Alpine legend Lindsey Vonn knows her impending retirement will come gift-wrapped with the knowledge she is already the most successful women's skier in history.

But the 34-year-old American intends on making her final World Cup season one for the history books as she targets the landmark of 86 victories on the circuit set by Swedish legend Ingemar Stenmark.

Only four wins short of Stenmark's record, Vonn is adamant she will retire in March 2019 even if she fails in her bid to beat Stenmark's tally.

Given her success over the years and despite the increasing threat of compatriot Mikaela Shiffrin, few will be betting against the four-time World Cup champion reaching her target during the season which opens Saturday with a giant slalom in Soelden, Austria.

"I know I'll get asked about Swedish skier Ingemar Stenmark's record of 86 World Cup wins, and that I never got to race against men, but I still am going to work hard to make both possible," Vonn said in a Sports Illustrated article.

The American, who will miss the Soelden race, is so dominant on the women's scene that she has repeatedly asked the sport's governing body, the International Ski Federation (FIS), to participate in a men's World Cup race. To no avail.

She added: "I still have one more season left and while I will take it all in and enjoy this year, I will also race with the same intensity and focus that I always have."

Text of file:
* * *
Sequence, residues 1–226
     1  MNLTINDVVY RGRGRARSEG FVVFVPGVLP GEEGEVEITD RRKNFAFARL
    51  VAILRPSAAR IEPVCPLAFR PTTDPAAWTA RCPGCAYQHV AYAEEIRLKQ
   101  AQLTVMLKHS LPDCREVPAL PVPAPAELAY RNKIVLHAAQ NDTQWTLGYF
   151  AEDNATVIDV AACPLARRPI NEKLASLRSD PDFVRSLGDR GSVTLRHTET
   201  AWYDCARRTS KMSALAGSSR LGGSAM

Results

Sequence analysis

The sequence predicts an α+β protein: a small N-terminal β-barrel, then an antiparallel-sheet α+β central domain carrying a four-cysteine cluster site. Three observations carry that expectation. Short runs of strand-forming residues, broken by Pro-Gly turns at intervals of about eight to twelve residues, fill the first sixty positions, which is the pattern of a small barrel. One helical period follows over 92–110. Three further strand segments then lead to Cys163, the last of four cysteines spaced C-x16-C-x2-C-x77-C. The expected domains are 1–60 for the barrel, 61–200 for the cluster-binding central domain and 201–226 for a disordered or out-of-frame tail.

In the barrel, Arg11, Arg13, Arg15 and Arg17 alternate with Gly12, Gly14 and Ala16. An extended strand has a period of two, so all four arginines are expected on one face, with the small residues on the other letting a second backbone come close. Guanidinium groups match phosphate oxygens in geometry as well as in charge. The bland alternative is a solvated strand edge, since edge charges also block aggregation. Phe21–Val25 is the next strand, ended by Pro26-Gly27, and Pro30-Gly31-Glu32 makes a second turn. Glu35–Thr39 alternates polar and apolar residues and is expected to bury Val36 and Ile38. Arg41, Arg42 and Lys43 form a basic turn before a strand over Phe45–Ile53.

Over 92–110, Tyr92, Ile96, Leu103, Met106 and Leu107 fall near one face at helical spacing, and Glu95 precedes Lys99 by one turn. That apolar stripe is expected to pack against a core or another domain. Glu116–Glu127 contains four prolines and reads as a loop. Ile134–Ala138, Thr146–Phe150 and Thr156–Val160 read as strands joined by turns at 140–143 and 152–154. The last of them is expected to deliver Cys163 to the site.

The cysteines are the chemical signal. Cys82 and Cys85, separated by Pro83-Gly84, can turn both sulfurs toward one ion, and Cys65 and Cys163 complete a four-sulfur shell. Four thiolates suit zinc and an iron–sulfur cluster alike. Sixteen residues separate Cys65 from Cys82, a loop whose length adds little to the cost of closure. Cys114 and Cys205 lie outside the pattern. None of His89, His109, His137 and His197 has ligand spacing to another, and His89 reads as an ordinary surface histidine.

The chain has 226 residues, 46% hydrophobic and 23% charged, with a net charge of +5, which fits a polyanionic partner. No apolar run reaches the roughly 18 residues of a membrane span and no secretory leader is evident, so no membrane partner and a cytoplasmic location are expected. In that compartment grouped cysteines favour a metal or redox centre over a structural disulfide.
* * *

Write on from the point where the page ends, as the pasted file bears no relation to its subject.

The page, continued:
Metal plates

Barring the kind of injuries that have seen Vonn go under the knife for two ACL (anterior cruciate ligament) reconstructions, multiple knee repairs and enduring the insertion of metal plates and screws all over her body, recent form suggests Stenmark's record is not beyond her.

Last season she won five World Cup races and although set to begin her season at the Lake Louise downhill in Canada, skipping the Soelden leg, Vonn could compete in about 20 downhill and super-G events.

Yet, as Vonn has experienced, disaster can strike any time. Italian Sofia Goggia, the Olympic downhill champion, was ruled out until at least January after suffering an ankle injury while training last week.

And the American will also have to contend with the skier expected to take up her mantle, compatriot Shiffrin.

The 23-year-old ace has won the last two World Cup titles and, with 43 World Cup wins to her name, mostly in the technical events of the slalom, she looks destined to follow in Vonn's footsteps having won her first World Cup downhill, at Lake Louise, last year.

With the media glare on Vonn, for Marcel Hirscher it should be back to business as usual -- if the Austrian can keep his motivation levels high.

Hirscher has won a record seven World Cup overall crowns and, at the relatively tender age of 29, is expected to win an eighth on the men's circuit.

A two-time Olympic champion who boasts four world titles and 58 World Cup wins, Hirscher evoked the possibility of retirement earlier this year before committing himself to another season of competition.

His biggest rival on the slopes is likely to be Norway's Henrik Kristoffersen, who finished second behind Hirscher in the fight for the overall title, the giant slalom title, the slalom title and the Olympic giant slalom.